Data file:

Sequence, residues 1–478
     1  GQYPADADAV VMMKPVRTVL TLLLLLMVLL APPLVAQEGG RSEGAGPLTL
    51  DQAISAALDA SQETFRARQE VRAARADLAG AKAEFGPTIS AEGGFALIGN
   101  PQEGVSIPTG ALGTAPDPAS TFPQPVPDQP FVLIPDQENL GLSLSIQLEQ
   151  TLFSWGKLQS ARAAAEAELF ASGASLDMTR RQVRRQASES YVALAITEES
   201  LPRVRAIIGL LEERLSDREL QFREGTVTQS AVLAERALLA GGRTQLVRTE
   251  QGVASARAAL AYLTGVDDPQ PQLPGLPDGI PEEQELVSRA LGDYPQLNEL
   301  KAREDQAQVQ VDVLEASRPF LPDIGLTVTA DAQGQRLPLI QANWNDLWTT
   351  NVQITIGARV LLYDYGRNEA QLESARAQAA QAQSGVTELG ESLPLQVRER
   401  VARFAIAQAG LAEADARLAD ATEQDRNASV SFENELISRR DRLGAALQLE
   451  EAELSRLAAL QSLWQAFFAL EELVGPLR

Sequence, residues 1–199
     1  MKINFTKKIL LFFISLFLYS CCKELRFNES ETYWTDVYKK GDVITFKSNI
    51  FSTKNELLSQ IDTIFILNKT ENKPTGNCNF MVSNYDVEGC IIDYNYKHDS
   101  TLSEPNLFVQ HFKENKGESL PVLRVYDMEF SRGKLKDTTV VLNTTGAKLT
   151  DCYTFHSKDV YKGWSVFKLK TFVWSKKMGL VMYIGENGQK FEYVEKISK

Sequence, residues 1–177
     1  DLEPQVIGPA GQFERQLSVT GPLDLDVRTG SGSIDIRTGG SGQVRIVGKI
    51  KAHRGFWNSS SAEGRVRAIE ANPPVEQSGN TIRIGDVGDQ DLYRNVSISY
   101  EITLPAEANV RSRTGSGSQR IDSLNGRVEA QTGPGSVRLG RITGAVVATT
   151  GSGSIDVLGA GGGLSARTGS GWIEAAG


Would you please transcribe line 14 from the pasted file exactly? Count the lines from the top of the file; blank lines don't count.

    51  FSTKNELLSQ IDTIFILNKT ENKPTGNCNF MVSNYDVEGC IIDYNYKHDS